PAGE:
Michael D. Schrunk, District Attorney, Portland, Oregon


Michael D. Schrunk, District Attorney, Portland, Oregon

Michael D. Schrunk, District Attorney, Portland, Oregon

Michael Schrunk has been the district attorney in Multnomah County, Oregon, for over 25 years, and has been the leader in several innovative justice initiatives. He launched Portland’s community prosecution program in 1990 and helped to open Portland’s first community court in 1998. In February 2007 he spoke with Center for Court Innovation staff about his experiences with both.

Could you talk a little bit about how community prosecution evolved in Portland?
Here’s the thumbnail sketch. Portland was going through a redevelopment phase on the east side of the river. It was an under utilized area, but it was also a high crime area for street robberies, prostitution, dumping, and car thefts. A group of people got together and formed a safety action committee and the next thing I knew I was attending meetings weekly and then several times a week. Eventually I tasked a senior deputy with attending these meetings in my stead, and the people who were banding together in this geographic area asked if they could have a lawyer who would be there all the time.

At that time I didn’t have any money to do it. The precinct commander—who later became the police chief—and I talked to a group of these individuals and outlined how we would be able to place someone there to work with them. The big infrastructure was the business community, so we raised the money privately with contributions from businesses, and I promised to put a senior person there. We were able to get together office space and file cabinets, hire a secretary, and put in our first community prosecutor. And that area blossomed. Paul Allen came down and built what’s now called the Rose Garden, home of the Trailblazers. Portland built a convention center. Businesses boomed. It became what we call a BID, or business improvement district.

When I started down this path, I said that if it worked in an area dominated by business then I would try and get funding for a community prosecutor in a residential area. And so that was just a kind of next step. I put a prosecutor in a residential area, and the program was wildly successful though the infrastructure was different, consisting of the church, the schools, the small business owners and the homeowners. The area had a whole different set of problems, and different concerns, but the crimes were still all quality-of-life crimes.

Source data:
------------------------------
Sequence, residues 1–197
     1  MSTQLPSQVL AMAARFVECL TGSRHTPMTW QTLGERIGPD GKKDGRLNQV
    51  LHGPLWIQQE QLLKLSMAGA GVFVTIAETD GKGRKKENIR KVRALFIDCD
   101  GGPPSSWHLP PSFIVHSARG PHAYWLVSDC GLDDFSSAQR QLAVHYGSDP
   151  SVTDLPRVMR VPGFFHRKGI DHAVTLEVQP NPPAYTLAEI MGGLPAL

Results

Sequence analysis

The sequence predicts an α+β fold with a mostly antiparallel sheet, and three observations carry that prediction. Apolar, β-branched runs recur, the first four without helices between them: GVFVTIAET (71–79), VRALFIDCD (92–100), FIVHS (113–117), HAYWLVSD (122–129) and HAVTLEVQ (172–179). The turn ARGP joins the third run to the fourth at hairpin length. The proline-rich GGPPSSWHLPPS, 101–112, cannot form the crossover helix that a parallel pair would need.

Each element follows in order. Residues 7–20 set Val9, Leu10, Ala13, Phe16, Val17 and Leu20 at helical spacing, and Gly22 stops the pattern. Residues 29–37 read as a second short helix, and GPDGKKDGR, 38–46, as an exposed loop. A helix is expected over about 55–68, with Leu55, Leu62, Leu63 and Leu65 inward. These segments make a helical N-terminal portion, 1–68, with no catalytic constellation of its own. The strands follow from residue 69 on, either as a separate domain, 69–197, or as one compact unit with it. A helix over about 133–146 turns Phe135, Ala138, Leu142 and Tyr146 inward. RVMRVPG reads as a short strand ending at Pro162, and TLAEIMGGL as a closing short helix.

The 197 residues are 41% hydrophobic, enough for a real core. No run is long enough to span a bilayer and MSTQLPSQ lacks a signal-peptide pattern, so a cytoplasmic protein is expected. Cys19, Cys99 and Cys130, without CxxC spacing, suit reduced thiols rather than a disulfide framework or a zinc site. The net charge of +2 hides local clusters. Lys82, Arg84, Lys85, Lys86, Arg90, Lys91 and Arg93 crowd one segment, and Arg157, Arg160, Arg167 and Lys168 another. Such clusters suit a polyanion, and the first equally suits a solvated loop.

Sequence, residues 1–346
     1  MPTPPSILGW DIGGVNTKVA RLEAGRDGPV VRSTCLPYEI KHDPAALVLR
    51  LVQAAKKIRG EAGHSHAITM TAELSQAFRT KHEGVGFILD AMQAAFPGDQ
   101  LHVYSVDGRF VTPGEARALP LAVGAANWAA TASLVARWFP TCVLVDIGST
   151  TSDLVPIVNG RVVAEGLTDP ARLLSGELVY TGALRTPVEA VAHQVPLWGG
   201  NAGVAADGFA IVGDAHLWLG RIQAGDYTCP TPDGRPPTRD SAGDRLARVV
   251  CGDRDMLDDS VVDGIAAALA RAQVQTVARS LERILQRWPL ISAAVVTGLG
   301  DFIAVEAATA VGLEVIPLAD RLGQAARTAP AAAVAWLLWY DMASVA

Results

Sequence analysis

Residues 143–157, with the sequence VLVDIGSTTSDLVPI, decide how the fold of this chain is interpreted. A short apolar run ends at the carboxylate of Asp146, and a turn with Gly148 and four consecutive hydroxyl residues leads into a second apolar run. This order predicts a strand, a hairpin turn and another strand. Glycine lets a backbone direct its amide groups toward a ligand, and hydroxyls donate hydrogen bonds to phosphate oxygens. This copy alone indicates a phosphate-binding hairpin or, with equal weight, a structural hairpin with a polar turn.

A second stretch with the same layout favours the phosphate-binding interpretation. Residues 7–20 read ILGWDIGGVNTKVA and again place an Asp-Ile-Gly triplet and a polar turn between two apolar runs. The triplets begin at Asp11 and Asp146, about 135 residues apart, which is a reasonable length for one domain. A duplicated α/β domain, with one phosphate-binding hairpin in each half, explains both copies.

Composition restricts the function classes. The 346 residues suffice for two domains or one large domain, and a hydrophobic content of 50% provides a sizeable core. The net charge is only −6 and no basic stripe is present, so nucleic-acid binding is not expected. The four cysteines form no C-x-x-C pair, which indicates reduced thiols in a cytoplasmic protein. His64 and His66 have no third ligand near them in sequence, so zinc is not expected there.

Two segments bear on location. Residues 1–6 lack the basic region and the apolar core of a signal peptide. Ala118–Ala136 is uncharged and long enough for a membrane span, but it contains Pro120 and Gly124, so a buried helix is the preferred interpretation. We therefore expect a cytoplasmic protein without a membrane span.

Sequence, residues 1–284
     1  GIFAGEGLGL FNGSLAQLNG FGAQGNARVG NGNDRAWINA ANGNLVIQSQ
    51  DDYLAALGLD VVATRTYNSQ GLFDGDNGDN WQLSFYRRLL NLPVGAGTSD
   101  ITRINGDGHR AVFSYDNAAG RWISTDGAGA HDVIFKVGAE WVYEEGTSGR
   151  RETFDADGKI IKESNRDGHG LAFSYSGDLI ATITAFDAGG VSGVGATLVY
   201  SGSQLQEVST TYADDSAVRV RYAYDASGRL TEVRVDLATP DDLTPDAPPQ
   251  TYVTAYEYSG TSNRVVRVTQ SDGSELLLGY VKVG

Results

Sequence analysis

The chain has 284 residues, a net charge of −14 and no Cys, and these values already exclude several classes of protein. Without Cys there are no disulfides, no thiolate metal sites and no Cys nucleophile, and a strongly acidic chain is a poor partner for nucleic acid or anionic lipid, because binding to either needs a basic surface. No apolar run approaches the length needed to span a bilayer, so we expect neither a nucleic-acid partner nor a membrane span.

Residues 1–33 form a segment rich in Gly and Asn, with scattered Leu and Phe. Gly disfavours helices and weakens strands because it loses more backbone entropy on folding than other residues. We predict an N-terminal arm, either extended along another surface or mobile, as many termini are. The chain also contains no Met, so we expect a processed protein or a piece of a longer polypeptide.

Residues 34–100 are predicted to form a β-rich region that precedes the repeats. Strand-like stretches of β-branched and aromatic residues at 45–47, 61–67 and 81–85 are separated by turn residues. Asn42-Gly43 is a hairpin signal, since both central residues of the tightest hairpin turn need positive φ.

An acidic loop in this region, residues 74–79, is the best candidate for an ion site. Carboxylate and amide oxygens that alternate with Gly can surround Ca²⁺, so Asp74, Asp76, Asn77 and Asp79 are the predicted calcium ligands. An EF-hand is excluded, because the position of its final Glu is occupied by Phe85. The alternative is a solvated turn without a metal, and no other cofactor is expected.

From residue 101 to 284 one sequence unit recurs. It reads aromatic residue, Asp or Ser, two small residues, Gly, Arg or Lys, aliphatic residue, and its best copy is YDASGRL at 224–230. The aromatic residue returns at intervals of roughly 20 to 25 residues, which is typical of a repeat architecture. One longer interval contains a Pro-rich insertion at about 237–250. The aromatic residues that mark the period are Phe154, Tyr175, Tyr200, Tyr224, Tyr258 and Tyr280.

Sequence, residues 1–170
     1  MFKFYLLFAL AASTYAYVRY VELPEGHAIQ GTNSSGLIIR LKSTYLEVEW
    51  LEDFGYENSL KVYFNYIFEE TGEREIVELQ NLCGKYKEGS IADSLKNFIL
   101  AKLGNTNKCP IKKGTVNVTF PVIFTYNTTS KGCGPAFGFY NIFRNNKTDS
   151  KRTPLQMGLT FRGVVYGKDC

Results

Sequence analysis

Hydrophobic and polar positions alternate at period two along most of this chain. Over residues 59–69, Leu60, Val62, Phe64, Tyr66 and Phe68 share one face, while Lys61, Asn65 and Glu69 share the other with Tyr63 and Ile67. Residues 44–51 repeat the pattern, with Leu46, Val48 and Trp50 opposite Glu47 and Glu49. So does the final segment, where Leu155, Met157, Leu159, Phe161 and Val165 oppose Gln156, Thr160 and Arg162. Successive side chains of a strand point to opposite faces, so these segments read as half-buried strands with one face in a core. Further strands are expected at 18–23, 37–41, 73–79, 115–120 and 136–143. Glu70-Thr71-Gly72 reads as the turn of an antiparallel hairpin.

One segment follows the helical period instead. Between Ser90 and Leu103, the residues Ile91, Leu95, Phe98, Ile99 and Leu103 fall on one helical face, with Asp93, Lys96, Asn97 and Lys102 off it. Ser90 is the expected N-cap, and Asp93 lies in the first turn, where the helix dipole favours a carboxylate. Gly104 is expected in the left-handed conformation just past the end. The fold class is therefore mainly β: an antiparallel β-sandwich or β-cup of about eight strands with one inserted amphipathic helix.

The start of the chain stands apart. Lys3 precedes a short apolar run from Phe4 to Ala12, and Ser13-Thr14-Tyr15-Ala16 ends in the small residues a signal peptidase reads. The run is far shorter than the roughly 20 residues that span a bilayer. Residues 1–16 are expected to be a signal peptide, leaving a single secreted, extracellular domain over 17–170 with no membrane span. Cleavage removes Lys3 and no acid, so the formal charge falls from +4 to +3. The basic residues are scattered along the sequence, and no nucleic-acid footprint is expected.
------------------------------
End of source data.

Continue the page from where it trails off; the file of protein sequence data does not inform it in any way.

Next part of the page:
Ultimately the program mushroomed until we had nine community prosecutors throughout the county.

And how did the community court come about?
One of the things we heard continually from our community prosecutors was that judges don’t pay attention to quality-of-life crimes. And that’s understandable. Judges are overworked. They can have up to 150 people on their docket during the day. The quality-of-life crimes are just too far down on the list. We tried everything from busing people from the neighborhood associations in to sit in the back of the courtroom to writing letters to the court to try to put evidence on that these crimes really depreciate the quality of life in the neighborhood.

Eventually we got the idea to open a community court to deal with these crimes. Seeing what was going on in Midtown Manhattan in New York City made us realize that while we couldn’t replicate a Midtown Community Court in Portland, we could maybe do it one or two days a week in different areas. So I put together a group and we had a lot of buy in from neighborhoods, and we started slowly building a neighborhood advisory board. Then the public defender and I walked the courthouse walls to recruit a judge. I learned early on that if you want something done it’s better to try and bring everyone in at the front end, and you get less surprises once you kick it off. And we relied a lot on the Center for Court Innovation and the Midtown folk.